“Students with disabilities already face inordinate obstacles in getting the education they need to build their future,” said Shira Wakschlag, Senior Director of Legal Advocacy and General Counsel at the Arc (ARC). “From inadequate accommodations and low expectations to restraint, seclusion and poor support, parents and children are too often forced to become experts in self-advocacy and the law in order to obtain services and supports they are entitled to.”


The Key Questions in Consideration

Does the Individuals with Disabilities Education Act require families who have settled their IDEA claims to exhaust all administrative proceedings under the IDEA before they can file a claim under other federal laws, even when doing so would be futile? 

Are families who sue for monetary damages under the ADA or other federal disability laws required to comply with IDEA’s requirements in these non-IDEA claims?


A Brief Overview of Disability Laws

Broadly, these acts are meant to protect disabled people and offer redress if a secondary party (employer, school, business) is in violation. 

Under the Individuals with Disabilities Education Act (IDEA), schools that receive federal funding from the U.S. Department of Education are legally obligated to provide disabled students with a free appropriate public education (FAPE) and provide additional services and aids to meet their individual educational needs (Department of Education, United States Code).

IDEA emphasizes mediation in resolving disputes between the school and families when parents feel their child has been denied a FAPE and quick resolutions agreed upon by both parties. There is an exhaustion of administrative procedures requirement, but it is contested whether it can be bypassed if deemed futile or unnecessary. The end goal is for every disabled student to get an adequate education. 

The Americans with Disabilities Act (ADA) protects the civil rights of disabled people, prohibiting discrimination against individuals in any public setting or entity, including schools (ADA). The Rehabilitation Act bans discrimination based on disability in programs or agencies receiving federal funding. Under the 504 section, providing “reasonable accommodations” is required (ADA).

So, IDEA is supposed to ensure you get the education you’re entitled to. But it wouldn’t address the harm caused by discovering that, at minimum, four years of your academic career were all for naught and that you would have to reattend schooling for four more years to make up for that deception and lack of accommodation, thus stalling any future endeavors and potential loss of income. This is where the ADA and Rehabilitation Act steps in, providing compensatory damages for distress or harm caused by discrimination or unequal access.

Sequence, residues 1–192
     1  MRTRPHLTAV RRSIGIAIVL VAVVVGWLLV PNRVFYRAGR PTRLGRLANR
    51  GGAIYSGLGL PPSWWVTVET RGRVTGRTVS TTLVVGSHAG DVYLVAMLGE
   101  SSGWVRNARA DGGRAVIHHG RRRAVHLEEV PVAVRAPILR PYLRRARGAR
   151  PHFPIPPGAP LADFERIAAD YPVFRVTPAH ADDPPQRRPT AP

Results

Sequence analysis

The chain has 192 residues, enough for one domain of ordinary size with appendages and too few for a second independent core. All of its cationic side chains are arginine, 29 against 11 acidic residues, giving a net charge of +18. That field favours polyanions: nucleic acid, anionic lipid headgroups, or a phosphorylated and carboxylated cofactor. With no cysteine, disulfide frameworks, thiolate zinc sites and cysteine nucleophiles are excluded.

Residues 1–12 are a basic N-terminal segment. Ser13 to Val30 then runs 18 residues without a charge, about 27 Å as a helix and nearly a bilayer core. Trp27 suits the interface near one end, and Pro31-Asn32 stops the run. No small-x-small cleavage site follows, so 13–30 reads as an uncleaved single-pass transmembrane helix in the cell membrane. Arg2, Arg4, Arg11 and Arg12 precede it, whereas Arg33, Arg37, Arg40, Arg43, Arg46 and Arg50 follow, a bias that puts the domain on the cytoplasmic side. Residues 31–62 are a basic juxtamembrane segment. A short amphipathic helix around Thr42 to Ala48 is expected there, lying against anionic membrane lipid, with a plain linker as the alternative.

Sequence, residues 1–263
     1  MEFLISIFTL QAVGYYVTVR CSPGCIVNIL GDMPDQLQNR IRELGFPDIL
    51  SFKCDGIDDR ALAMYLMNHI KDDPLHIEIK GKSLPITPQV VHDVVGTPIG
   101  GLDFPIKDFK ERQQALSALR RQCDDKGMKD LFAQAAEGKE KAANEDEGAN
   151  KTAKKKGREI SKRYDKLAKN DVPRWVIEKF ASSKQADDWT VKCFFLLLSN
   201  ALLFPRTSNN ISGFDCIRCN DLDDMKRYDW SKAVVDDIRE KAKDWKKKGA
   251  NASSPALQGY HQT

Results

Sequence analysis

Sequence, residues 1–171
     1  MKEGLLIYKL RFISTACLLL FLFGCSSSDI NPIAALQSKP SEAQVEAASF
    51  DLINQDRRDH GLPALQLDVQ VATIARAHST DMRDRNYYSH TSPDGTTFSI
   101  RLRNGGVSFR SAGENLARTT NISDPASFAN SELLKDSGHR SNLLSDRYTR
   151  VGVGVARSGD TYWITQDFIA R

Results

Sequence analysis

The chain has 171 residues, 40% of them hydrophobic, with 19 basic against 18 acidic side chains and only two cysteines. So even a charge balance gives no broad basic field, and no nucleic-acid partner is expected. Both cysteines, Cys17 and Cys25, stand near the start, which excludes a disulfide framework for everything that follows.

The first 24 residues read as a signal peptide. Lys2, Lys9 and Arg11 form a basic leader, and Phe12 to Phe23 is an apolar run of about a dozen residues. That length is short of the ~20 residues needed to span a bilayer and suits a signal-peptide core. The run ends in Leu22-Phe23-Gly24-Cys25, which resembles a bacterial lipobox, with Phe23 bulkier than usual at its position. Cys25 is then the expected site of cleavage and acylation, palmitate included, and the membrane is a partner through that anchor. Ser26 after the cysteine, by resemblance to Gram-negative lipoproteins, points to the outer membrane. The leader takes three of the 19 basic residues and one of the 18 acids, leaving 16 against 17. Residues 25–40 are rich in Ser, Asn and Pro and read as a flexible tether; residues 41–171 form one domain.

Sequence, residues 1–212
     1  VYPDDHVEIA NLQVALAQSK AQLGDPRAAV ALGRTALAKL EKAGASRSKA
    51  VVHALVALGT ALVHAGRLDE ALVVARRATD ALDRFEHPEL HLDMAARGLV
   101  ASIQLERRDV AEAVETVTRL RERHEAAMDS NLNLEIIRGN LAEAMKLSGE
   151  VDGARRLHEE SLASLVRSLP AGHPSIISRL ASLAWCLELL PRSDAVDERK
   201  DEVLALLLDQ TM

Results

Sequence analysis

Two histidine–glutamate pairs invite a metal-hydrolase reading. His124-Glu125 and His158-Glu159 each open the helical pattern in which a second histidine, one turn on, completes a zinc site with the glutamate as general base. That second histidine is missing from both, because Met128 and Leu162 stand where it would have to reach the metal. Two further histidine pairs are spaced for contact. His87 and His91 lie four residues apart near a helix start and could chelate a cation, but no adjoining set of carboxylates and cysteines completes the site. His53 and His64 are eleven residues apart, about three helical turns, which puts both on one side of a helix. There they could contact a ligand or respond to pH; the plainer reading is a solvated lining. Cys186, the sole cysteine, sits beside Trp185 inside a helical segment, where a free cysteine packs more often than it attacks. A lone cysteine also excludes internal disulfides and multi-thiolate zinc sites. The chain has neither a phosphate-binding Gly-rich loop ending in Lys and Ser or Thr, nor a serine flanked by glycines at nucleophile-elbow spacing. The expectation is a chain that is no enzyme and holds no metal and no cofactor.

What You Can Do

Disabled students shouldn’t have to go through bureaucratic hurdles to get an education. Nor should they be forced to choose between receiving an education or pursuing monetary damages to right an injustice, especially since they’re already saddled with the hidden costs of living with a disability–the money, time, and energy required to navigate an ableist society.

Regardless of how the Supreme Court rules, it is important for us to fix the education system and disability laws that fail to empower disabled children. This will mean making accessible education that caters to diverse students the standard, not a last-minute accommodation. We all benefit when we lead with accessibility, especially disabled children.


KEY TAKEAWAYS

• Disabled students are supposed to receive a free public education with the accommodations necessary to ensure their success. 

• Schools often fail to provide the required services due to a lack of funding. 

• Disability laws are meant to protect and circumvent the shortcomings of an ableist system. 

2400 1500 Dominique Stewart

Dominique Stewart

Dominique is a writer and editor whose interests lie within the intersections of social justice and culture. She has written and edited for several outlets, including Brooklyn Magazine, The Tempest, and the Broward-Palm Beach New Times. Dominique was the managing editor for a women’s health magazine called Sidepiece Magazine.

All stories by : Dominique Stewart